Another Creationism Bills Get Shot Down in South Dakota (the 9th state this year!)

I am only loosely aware of some of the major cases about teaching versions of creationism in schools like the Scopes Trial in 1925, McClean v. Arkansas in 1982, Edwards v. Aguillard in 1987, and Kitzmiller v. Dover in 2005. But I didn’t realize that all the time, representatives are aiming to pass bills that would negatively impact science education. Now some Christians would disagree, but I see it all the time where students I teach are at a severe disadvantage in learning about nature because they have been so many wrong things about science from primarily young earth creationist or anti-evolution creationist sources. Many of these Christian students have been lied to about evolution, geology, cosmology, and many other branches of science. Thus far this year the following states have aimed to pass such legislation according to this list from the NCSE (National Center for Science Education):

  • Arizona - whose bill would have permitted the ‘teaching of both sides’ to controversial issues (defined as issues that a political party has taken a stance on, i.e. if the Republican party in Arizona says the theory of evolution is bad then it is a ‘controversial issue’)
  • Virginia - a nearly identical bill to Arizona
  • Indiana - “[t]he governing body of a school corporation may require the teaching of various theories concerning the origin of life, including creation science, within the school corporation.”
  • Florida (2 so far this year) - “[c]ontroversial theories and concepts” discussed in science standards “[to] be taught in a factual, objective, and balanced manner.” What are the controversial theories? It is left rather vague but the bills’ main proponent has a long history of anti-evolution activity
  • North Dakota - The bill would ostensibly promote “the freedom to teach students the strengths and weaknesses of scientific theories and controversies” while prohibiting state and local administrators from exercising supervisory responsibility over teachers.
  • Connecticut - There is a bill that would eliminate teaching about climate change as part of the science curriculum because it is too controversial and the Republican representative backing it seriously doubts that any of the climate change is man-made
  • Iowa (2 so far this year) - similar to laws from previous years which would have required teachers in Iowa’s public schools to include “opposing points of view or beliefs” to accompany any instruction relating to evolution, the origins of life, global warming, or human cloning. Both bills died in committee.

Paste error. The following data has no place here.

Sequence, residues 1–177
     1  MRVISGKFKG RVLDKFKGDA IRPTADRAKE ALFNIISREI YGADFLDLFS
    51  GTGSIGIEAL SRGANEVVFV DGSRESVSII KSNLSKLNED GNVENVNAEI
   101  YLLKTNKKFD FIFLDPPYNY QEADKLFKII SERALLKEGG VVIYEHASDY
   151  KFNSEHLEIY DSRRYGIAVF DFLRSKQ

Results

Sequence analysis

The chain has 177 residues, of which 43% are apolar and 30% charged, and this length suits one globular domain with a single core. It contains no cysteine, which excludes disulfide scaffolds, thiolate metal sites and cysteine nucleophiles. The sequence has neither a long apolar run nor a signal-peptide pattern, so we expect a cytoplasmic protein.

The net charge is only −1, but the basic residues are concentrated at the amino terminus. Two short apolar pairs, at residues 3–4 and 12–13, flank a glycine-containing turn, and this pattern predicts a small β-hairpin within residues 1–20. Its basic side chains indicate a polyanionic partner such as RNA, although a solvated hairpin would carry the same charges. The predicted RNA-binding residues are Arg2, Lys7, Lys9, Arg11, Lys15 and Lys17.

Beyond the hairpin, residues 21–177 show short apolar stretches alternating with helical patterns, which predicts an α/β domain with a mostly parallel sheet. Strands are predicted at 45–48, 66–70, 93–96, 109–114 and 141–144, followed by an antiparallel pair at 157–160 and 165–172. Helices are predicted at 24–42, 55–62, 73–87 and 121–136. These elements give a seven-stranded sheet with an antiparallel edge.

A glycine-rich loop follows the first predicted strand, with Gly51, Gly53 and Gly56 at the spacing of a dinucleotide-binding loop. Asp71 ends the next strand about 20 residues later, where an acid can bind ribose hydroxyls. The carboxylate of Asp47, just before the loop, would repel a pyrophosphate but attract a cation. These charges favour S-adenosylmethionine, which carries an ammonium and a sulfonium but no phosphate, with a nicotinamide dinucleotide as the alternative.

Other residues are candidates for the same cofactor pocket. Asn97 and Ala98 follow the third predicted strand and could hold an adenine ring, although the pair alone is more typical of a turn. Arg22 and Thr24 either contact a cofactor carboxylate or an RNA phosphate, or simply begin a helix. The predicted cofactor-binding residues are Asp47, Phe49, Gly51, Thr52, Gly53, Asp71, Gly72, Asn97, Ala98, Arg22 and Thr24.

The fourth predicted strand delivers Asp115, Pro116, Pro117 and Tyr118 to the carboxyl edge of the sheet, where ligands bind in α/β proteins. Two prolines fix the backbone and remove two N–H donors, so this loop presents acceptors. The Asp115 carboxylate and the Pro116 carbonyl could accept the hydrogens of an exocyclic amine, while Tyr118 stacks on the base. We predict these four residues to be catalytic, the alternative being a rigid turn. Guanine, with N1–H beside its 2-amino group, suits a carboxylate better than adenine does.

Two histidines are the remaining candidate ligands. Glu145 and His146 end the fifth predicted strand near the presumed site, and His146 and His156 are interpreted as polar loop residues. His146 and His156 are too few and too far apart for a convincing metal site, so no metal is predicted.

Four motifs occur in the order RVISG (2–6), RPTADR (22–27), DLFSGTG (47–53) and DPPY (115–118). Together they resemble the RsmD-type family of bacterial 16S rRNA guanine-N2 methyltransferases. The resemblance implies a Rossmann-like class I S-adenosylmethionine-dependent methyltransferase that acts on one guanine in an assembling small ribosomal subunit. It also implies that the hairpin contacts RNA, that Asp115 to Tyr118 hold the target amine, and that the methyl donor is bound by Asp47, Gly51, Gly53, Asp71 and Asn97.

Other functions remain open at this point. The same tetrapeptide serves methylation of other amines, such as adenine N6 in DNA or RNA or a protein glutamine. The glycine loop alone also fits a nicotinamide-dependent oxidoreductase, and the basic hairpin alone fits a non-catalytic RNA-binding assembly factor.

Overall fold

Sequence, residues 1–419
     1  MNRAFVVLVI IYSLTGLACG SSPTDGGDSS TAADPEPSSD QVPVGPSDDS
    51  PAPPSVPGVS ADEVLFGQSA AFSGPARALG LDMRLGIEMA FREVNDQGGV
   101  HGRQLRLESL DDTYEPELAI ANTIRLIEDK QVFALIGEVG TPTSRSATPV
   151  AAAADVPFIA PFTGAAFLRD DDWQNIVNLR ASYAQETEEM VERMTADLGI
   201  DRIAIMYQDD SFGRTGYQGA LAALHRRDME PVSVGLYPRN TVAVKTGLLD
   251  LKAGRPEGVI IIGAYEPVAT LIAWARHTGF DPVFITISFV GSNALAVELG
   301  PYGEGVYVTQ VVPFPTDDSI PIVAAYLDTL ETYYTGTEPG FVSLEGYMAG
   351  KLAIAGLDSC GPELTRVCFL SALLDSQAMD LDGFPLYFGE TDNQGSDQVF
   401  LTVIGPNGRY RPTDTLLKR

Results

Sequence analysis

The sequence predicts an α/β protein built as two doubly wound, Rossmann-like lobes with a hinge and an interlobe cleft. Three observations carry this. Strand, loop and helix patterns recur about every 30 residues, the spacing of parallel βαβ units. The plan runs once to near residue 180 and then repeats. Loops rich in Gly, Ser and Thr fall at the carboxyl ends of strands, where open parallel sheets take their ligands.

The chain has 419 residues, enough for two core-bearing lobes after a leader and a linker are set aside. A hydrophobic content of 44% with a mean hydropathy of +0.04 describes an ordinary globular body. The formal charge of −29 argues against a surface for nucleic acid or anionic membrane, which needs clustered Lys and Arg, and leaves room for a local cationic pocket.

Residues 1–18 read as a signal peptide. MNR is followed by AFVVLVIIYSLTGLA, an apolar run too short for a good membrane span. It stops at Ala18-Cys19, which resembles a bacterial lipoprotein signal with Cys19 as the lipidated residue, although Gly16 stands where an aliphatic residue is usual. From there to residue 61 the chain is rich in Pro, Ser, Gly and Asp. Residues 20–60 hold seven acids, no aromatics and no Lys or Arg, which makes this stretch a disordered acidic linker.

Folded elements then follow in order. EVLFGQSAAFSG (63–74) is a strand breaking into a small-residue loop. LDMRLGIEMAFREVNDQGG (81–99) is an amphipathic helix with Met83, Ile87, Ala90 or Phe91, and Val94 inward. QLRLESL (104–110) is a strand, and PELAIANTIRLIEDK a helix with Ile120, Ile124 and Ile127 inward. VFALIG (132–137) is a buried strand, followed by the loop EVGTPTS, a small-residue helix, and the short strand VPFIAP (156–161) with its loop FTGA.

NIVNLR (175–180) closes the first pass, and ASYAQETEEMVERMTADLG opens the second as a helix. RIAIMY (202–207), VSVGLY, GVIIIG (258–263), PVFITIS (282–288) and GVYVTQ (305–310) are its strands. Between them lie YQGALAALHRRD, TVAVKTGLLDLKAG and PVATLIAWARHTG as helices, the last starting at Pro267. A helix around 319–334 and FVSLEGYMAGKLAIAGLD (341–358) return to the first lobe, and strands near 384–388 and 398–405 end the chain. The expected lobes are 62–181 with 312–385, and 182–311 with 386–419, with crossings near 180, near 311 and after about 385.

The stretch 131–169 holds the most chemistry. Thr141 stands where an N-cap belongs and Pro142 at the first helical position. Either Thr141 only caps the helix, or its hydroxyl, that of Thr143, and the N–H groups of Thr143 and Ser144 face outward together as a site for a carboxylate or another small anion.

• Maine - similar to Arizona and Virginia
  • South Carolina - has a bill which if enacted, allow public school districts to offer elective courses on religion — and to “require the teaching of various theories concerning the origin of life, including creation science, as part of the course content.”
  • Montana - would, if enacted, dignify a litany of inaccurate and misleading claims about climate change as legislative findings, and call for those findings to be offered “when providing education and informational materials on climate change.”

That’s a lot for just two months! It is interesting that continually such anti-science bills are hoping to be passed and all of them come from a particular political party. The local headline for the most recent one to fall is:

On the other hand, some states have passed bills to help strengthen science education like Washington.


I notice that the climate change issue hasn’t been discussed here very much on this forum.

I certainly agree with findings that the increase in CO2 levels is dangerously high. But I don’t think the the most important culprit is just man-made production, which certainly isn’t helping, of course. The ratio of CO2 and O2 is entirely the product of the biosphere after all, and it is natural to expect that the biosphere would compensate for any extra production of CO2, unless… something is preventing that from happening. Thus I think the real problem is the holes in the ozone layer which are damaging the ability of phyto-plankton in the arctic oceans to replenish the O2 in the atmosphere.

Ironically, in very conservative Sahel and savannah of Africa near the Sahara, where the desert is spreading aggressively, we had no trouble believing in climate change. It’s an American construct, I think.

Regarding the effect of man on the climate–the industry there was so poor and underdeveloped that I don’t think it was actively thought about. However, it’s a pity that the West affects the poorer East and South so much with its industry (I speak as someone who is of western background, so I’m criticizing myself).

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There’s a lot that goes into building such models that’s for sure-which highlights the great need for better education as outlined here!

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This is good news. With the mildly depressing side effect that almost everyone I know (of faith) will view it as the work of a legion of antichrist minions.


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